‘Douglass and Lincoln’ and ‘President Lincoln: Duty of a Statesman’ portray a master of statecraft
HISTORY: New books portray the Civil War president as a master of statecraft
12:00 AM CST on Sunday, February 17, 2008
The old debate over how and why Abraham Lincoln waged the Civil War gets a fresh look in two well-written and well-reasoned new titles.
In Douglass and Lincoln, historians Paul and Stephen Kendrick examine the symbiotic relationship between the Civil War’s foremost black leader and its foremost political leader.
Frederick Douglass, a former slave who became an abolitionist, believed the war should be fought to end slavery. Lincoln, a self-taught lawyer who became president, believed the war should be fought to preserve republican government. For four years, the heat of Douglass’ idealism helped refine the steel of Lincoln’s actions.
The relationship began badly. In his inaugural, Lincoln promised to leave slavery alone where it existed. Enraged, Douglass called the new president an “excellent slave hound.” But here, Lincoln’s reach exceeded Douglass’ grasp. The president understood that he had to keep the border slave states in the Union. Lose them and the war was lost before it began. Lincoln’s thinking may have shocked Douglass, but it saved the Union.
As the war evolved, so did the president’s thinking, with Douglass’ help. After their first White House meeting, Douglass was charmed: “I felt big in there.”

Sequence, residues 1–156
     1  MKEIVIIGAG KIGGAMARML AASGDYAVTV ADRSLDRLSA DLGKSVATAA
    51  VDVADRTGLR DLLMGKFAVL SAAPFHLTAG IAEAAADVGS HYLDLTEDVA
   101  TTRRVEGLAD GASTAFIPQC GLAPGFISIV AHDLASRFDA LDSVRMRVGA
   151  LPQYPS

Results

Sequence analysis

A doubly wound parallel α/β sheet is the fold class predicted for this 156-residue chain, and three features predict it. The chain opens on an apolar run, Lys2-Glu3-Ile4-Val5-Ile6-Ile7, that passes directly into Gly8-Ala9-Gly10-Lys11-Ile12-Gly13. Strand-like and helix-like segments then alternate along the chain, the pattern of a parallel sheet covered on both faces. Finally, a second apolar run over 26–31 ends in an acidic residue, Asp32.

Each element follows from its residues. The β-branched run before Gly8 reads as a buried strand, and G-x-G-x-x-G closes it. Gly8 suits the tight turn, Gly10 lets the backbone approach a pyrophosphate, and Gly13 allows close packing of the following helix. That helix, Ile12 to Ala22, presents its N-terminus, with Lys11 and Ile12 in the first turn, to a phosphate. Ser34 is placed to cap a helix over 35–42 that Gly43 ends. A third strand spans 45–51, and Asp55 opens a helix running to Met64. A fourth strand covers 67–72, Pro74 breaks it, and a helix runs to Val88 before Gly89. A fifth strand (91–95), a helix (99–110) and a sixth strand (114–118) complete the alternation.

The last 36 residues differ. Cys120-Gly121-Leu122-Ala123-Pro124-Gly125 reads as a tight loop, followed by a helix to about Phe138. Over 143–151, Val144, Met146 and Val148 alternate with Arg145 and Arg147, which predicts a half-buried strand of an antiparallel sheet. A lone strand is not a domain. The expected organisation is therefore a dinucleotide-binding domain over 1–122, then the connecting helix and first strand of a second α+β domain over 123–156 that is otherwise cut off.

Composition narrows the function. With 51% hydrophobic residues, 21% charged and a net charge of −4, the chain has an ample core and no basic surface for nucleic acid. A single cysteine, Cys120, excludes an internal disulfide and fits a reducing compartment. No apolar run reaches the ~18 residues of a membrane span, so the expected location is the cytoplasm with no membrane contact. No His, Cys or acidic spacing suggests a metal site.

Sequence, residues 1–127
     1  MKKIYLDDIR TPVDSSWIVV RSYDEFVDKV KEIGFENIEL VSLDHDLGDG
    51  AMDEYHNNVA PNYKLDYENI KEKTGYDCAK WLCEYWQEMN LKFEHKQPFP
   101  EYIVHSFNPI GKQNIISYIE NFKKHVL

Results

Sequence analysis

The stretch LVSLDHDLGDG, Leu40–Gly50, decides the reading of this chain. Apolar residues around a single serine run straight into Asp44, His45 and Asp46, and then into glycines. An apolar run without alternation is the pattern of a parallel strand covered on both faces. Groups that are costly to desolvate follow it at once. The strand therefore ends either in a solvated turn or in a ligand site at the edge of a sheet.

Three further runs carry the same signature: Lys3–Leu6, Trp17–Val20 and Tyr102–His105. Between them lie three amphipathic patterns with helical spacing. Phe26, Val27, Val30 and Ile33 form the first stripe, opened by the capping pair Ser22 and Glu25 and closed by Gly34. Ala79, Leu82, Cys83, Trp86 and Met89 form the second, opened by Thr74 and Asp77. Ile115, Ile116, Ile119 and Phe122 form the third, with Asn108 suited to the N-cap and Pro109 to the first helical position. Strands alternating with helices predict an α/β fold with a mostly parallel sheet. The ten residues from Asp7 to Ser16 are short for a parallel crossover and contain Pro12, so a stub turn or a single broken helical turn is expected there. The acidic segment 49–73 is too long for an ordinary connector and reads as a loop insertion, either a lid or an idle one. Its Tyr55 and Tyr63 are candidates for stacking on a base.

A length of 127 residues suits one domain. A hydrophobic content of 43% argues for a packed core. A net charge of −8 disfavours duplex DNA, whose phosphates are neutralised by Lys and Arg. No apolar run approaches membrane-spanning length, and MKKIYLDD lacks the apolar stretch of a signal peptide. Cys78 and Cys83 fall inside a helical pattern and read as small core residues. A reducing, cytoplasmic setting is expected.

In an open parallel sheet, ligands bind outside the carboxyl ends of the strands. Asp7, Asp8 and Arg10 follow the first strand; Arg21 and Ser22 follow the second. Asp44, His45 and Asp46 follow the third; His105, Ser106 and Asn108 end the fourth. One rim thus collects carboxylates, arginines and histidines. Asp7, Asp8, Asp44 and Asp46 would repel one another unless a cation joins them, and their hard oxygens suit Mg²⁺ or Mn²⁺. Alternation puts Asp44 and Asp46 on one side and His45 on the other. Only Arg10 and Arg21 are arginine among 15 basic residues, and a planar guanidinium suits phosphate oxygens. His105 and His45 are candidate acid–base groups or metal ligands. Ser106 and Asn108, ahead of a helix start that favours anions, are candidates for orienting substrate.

The two men began an ongoing conversation about the war’s meaning. As the battles raged, the abolitionist urged the president to use the last, great untapped source of manpower: African-Americans. Lincoln did, and black soldiers helped win the war.
But the president influenced Douglass, also. By the war’s end, Douglass decided that only Lincoln could have saved the Union and ended slavery. The authors conclude that the abolitionist finally appreciated the political minefield Lincoln navigated and understood his effort to balance “public opinion and justice.”
In President Lincoln: Duty of a Statesman, William Lee Miller explores this intersection between Lincoln’s moral vision and his pragmatic actions. Unlike Woodrow Wilson, Lincoln possessed both idealism and realism. He wanted to do the right thing; but he also wanted to do the thing right. “The morality of statecraft,” Mr. Miller writes, “entails layers of action and an awareness of sequences of consequences.” Mr. Miller, a noted Lincoln scholar at the University of Virginia, re-examines Lincoln’s decisions using the bifocal lens of morality and reality.
Not one day into his term, Lincoln confronted his first crisis. Fort Sumter, a Union army garrison in South Carolina, was surrounded by rebels. In his inaugural, he had promised the South that the “government will not assail you.” He had also promised the North that he would “preserve, protect and defend” the Union. How would he do both?
He began by overruling his military adviser, Gen. Winfield Scott, who told him the fort could not hold. The president didn’t disagree. But he saw Sumter in moral, not just military, terms. To surrender the fort would demoralize the North. And it violated his own pledge to protect the Union.
Since he had also promised not to attack the South, Lincoln supplied the fort with food, not ammunition. And, in a masterstroke, he informed the governor of South Carolina, thus tempting the rebels to commence “firing on bread,” as he put it. They did. The war began. And Lincoln’s policies had matched his principles.
“Morality in statecraft,” Mr. Miller writes, “does not lead one away from reality but requires one to attend to it.” No American ever mastered statecraft with more precision, more purpose or more power than Abraham Lincoln.
Kasey S. Pipes, a former speechwriter for President Bush, is the author of Ike’s Final Battle: The Road to Little Rock and the Challenge of Equality. He lives in Fort Worth and can be reached at kaseyspipes.com.s96387.gridserver.com.